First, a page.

Word of the Week: Stupid Sessions

The  comes from China Digital Space’s Grass-Mud Horse Lexicon, a glossary of terms created by Chinese netizens and frequently encountered in online political discussions. These are the words of China’s online “resistance discourse,” used to mock and subvert the official language around censorship and political correctness.

Mo Yan, whose pen name means “Don’t Speak,” told reporters that he had “nothing to say" at the Congress. Another celebrity delegate, actress Song Dandan, explained that she “still didn’t understand” her role and was “here to learn.” When the media approached director Chen Kaige, he simply said, “I haven’t prepared any motions. I’m going to lunch first.”

Mo Yan (left), whose pen name means “Don’t Speak,” told reporters that he had “nothing to say” at the Congress. Another celebrity delegate, actress Song Dandan (center), explained that she “still didn’t understand” her role and was “here to learn.” When the media approached director Chen Kaige (right), he simply said, “I haven’t prepared any motions. I’m going to lunch first.”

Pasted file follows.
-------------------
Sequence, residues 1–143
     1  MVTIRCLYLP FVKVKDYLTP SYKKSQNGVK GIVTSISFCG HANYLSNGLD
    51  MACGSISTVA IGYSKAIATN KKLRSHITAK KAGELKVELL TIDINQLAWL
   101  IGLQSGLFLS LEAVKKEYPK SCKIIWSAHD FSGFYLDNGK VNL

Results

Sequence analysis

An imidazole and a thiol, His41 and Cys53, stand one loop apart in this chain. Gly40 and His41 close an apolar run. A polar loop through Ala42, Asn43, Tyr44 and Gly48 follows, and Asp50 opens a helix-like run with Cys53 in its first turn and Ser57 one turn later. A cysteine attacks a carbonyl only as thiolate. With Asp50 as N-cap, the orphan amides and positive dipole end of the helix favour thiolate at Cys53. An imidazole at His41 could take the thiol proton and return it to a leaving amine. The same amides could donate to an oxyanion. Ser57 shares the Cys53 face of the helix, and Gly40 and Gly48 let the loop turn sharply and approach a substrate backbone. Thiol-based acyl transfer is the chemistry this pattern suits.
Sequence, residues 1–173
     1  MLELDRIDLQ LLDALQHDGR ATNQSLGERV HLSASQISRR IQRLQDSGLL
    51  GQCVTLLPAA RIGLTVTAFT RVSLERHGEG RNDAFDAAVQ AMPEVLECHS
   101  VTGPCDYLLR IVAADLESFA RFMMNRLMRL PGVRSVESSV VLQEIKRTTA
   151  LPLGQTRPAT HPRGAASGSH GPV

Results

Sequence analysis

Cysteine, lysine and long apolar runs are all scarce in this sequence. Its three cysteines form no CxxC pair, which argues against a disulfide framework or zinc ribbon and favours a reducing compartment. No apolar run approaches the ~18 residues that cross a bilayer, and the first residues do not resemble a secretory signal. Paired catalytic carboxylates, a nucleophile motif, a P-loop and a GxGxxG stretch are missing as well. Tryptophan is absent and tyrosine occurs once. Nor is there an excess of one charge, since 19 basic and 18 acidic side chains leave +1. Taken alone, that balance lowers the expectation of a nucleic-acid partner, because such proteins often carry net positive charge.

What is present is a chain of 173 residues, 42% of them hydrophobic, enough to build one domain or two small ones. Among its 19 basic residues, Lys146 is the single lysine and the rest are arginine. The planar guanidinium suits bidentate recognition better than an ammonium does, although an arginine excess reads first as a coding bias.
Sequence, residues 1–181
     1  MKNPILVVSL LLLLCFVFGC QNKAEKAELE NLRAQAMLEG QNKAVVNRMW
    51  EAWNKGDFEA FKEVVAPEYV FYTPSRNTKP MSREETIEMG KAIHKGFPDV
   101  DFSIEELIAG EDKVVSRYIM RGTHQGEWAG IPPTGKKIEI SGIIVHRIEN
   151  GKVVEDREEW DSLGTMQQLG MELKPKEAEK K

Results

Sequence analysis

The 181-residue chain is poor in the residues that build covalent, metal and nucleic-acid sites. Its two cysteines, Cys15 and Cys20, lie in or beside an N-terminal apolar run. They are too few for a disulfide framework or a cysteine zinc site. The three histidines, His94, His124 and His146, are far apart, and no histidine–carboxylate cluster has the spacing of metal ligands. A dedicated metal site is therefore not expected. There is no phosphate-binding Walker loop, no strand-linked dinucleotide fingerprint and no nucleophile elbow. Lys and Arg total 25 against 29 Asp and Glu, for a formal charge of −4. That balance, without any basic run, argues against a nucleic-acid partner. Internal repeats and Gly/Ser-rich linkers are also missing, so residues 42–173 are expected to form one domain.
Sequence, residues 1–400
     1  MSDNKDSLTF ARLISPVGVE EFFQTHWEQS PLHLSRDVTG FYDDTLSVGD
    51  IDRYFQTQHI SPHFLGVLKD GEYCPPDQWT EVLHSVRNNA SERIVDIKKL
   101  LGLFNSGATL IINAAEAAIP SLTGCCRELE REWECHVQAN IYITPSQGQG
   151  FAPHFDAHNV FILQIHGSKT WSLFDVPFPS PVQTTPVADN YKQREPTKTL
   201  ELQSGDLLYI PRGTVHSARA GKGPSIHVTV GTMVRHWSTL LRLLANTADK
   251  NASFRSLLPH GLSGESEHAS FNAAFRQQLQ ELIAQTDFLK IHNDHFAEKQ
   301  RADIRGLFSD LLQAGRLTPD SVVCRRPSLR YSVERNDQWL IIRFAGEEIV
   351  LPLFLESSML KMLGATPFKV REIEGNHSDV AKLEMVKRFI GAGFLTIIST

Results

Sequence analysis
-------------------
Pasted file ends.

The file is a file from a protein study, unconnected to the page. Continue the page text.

二会 (Èr Huì): Stupid Sessions

A tongue-in-cheek reference to the 2013 National People’s Congress and Chinese People’s Political Consultative Conference. These annual meetings are known collectively as the “Two Sessions.” The Chinese numeral two is 二 èr, but in most contexts the word 两 liǎng is used instead. Thus the Two Sessions are 两会 Liǎng Huì, not 二会 Èr Huì. In slang, 二 is short for “stupid,” from 二百五 èr bǎi wǔ (literally “two-hundred fifty”).

Netizens view the “Stupid Sessions” as a pointless, bizarre pageant, where movie stars and other celebrities are brought to Beijing to “represent” the Chinese people and “vote” on legislation they barely understand.